On the same day, 16 August, Jammu and Kashmir Congress chief Ghulam Ahmed Mir was placed under house arrest, while two other Congress leaders were put under preventive detention.
So, has the government offered a single reason for arresting or detaining responsible mainstream politicians that wash even the slightest bit? Let us first iterate the fact that neither of the Abdullahs are separatists, nor is Mehbooba. They have held high, responsible office. We can also assume, in the absence of even a scintilla of contrary evidence that the Jammu and Kashmir Congress chief is not a subversive.
When Mehbooba was detained – arrested, actually – the magistrate in question expressed the apprehension that she and workers of her party could conduct public processions leading to a breach of peace. Let us assume that the same rationale applies to the Abdullahs. Why Mir should be detained a fortnight after the abrogation of Article 370, when curbs are supposedly in the throes of being eased is unclear. The police have said that his movements and those of former Congress minister Raman Bhalla had been restricted ‘to maintain law and order’. At this stage of the game? The rationale is specious to the point of being risible, especially given the number of security personnel – which is in the region of 50,000 on the ground. The Kashmir Valley has a population of 6.9 million, which means that there is some kind of trooper for less than 140 people in the Valley.
Returning to the former chief ministers, let us assume that they would indeed have taken out public processions to protest the ‘surgical’ abrogation of Article 370 and the plan to dismember the state. So? As far as we are aware, that is a democratic afforded to people and politicians across the rest of the country. Was any case made out that former chief ministers and Union ministers would deliberately foment violence by delivering incendiary speeches or otherwise. Not as far as we can make out.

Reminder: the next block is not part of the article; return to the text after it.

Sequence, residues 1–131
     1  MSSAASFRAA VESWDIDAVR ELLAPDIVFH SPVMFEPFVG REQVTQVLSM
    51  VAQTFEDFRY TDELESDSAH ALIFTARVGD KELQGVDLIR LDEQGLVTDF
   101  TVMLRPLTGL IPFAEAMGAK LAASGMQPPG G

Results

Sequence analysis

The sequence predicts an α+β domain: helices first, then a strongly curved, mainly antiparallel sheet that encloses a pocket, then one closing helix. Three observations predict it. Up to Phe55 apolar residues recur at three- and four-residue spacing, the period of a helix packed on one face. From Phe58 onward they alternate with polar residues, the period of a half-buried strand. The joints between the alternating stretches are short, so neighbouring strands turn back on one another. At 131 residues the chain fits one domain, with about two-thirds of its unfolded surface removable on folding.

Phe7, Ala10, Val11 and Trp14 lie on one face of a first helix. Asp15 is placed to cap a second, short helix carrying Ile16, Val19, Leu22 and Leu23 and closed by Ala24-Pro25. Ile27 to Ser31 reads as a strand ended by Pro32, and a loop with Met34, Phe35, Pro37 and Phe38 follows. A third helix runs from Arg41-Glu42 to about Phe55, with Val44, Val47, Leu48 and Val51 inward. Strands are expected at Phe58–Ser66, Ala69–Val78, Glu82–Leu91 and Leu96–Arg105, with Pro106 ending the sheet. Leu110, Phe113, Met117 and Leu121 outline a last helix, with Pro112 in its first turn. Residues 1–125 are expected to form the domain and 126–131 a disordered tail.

In any case, even if the magistrate’s apprehensions were not entirely groundless, all that was necessary was a temporary ban on public rallies and meetings. As things stand, Section 144 has been promulgated in any case, which ought to meet the government’s concerns. The government denies that a curfew is in operation, but independent media reports confirm that it is, even if it’s an unofficial, undeclared curfew.
Even if we discount all the above arguments, what do we make of the continued detention of these senior political leaders a full fortnight on from Day One, as it were? The potential flashpoint, Independence Day, has passed peacefully. There seems to be no earthly reason to still keep them incarcerated. What kind of easing of curbs does this amount to? The detention of Iltija and the threats issued to her, for openly expressing a view that tens of thousands of others are expressing, are nothing but surreal – straight out of a Kafka novel. If Iltija is to be detained, will mainstream politicians in Delhi and elsewhere who have expressed much the same opinion be similarly deprived of their liberty?
What are we, then, to make of ‘Operation Jackboot’? Clearly, the ‘lockdown’, with all its appurtenances, is meant to make an example of Kashmir and its people. The message is: We have a strong prime minister, a strong home minister and a strong government; don’t mess with us. Leaving aside the merits of the abrogation and the dismemberment of the state, nothing rational explains this heavy-handed, occupation-minded operation. The don’t-mess-with-us message is clearly meant to consolidate behind the ruling party an additional support base of ultra-nationalists, who don’t necessarily buy the Hindutva candy.